Gather learnings and inspiration for optimizing your product and website.
Create a case study demonstrating the success of experimentation. You can demonstrate the success of a small experiment that you run in the company, or if this is not available you can find examples in the external companies. Share the case study with the stakeholders. Use company meetings like, all hands, to stress the value of experimentation.
Identify people in different teams or units that can execute the experiments. For example front end developers, UX designers, marketing managers, web analysts, and product owners. Set up a meeting series where all the representatives can discuss the results of past experiments and inspire each other. Encourage involvement and ask the members of the group to present their learning during the meeting.
Create an experimentation space, like on the internal company website, where various resources related to the experiments’ topic can be accessed by everyone in the company. Create an experiments backlog. Document, experiment name, hypothesis, estimated impact, priority, experiment result, and follow up tasks.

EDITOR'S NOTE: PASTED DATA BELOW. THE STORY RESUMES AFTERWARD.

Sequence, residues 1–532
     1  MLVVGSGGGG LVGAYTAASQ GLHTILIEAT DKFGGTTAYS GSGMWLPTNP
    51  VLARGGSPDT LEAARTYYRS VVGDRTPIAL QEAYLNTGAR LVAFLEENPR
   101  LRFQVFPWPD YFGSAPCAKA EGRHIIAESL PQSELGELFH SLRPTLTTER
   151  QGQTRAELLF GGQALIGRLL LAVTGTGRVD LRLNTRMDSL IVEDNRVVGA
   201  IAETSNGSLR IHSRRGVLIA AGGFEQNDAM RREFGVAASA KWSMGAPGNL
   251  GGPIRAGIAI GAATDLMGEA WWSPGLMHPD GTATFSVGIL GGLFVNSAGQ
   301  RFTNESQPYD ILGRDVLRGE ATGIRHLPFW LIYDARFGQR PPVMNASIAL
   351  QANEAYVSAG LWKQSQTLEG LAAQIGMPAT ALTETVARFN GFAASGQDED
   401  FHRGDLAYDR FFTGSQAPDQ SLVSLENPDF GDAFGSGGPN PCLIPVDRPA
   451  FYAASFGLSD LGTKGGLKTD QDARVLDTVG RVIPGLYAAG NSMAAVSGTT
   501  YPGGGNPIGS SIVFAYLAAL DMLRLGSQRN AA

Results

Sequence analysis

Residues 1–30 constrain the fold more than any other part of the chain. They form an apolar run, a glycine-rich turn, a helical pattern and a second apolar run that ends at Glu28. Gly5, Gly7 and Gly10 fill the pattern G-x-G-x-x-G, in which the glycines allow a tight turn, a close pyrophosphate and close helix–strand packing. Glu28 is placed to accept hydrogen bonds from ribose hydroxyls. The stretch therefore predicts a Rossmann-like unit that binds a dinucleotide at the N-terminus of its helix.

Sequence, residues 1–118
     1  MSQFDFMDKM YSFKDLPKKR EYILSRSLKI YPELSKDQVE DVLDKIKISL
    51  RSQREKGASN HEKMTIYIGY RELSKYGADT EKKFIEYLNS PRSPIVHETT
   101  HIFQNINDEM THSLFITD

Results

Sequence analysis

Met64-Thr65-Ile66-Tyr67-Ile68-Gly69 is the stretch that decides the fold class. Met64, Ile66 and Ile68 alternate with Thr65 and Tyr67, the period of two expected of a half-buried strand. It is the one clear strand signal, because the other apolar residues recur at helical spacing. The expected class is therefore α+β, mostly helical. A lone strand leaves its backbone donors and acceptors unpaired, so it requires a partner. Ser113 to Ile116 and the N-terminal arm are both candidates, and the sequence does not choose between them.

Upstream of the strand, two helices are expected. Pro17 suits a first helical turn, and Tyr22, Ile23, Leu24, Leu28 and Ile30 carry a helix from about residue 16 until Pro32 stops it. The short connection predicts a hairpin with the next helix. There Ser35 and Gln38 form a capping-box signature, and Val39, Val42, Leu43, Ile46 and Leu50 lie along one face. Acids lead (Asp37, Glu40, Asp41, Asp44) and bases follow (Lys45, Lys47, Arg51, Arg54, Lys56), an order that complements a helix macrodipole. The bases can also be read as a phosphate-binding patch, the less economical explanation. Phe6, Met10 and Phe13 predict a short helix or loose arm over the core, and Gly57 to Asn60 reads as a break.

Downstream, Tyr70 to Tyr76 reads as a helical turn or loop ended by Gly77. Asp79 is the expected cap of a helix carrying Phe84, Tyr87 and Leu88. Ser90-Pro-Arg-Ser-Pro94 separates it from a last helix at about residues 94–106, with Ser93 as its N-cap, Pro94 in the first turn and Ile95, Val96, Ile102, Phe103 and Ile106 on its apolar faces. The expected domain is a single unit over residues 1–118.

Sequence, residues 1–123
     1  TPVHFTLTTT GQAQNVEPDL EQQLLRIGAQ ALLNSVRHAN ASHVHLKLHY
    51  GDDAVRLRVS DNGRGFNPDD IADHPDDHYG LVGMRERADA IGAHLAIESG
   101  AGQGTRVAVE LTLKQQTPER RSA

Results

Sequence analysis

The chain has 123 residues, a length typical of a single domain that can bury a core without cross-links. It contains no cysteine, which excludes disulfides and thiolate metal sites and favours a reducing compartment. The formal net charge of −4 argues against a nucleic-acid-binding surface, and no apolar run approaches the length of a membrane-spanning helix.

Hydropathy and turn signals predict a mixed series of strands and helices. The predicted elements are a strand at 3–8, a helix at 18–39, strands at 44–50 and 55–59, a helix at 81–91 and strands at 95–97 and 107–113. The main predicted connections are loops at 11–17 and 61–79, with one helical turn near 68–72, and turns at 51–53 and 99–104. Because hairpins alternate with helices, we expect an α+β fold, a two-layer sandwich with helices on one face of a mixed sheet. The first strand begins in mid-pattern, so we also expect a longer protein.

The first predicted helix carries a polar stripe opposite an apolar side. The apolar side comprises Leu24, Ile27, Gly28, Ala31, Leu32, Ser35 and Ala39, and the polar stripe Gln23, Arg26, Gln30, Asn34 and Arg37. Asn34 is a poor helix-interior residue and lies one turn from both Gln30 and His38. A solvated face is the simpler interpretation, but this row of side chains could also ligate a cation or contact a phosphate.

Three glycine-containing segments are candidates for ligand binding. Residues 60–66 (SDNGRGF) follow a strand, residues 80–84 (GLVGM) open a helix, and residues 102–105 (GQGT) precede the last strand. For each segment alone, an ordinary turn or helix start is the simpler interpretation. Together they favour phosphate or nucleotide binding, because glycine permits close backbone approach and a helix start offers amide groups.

For website experimentation you can consider web analytics tools like Google Analytics, A/B testing tools like Optimizely, or heatmap or session recording tools like CrazyEgg or Mouseflow). Decide the metrics that you want to track in your experiments. Choose both secondary and primary metrics to get a deeper understanding of the experiment. For example, in a landing page experiment, ecommerce conversion rate can be the primary metric, while the click-through-rate to cart can be the secondary metric.
Schedule regular brainstorming sessions to come up with new experiment ideas and prioritize them based on the required effort and estimated impact. Create a backlog with all your experiment ideas. This can be a table with experiment name, hypothesis, estimated impact, priority, experiment result and follow up tasks. Schedule regular meetings to review and update the backlog.
Demonstrate the experiment results to the company through company meetings, e-mails or publications in the intranet. Accept and encourage failure, and treat failed experiments as learnings for future experiments.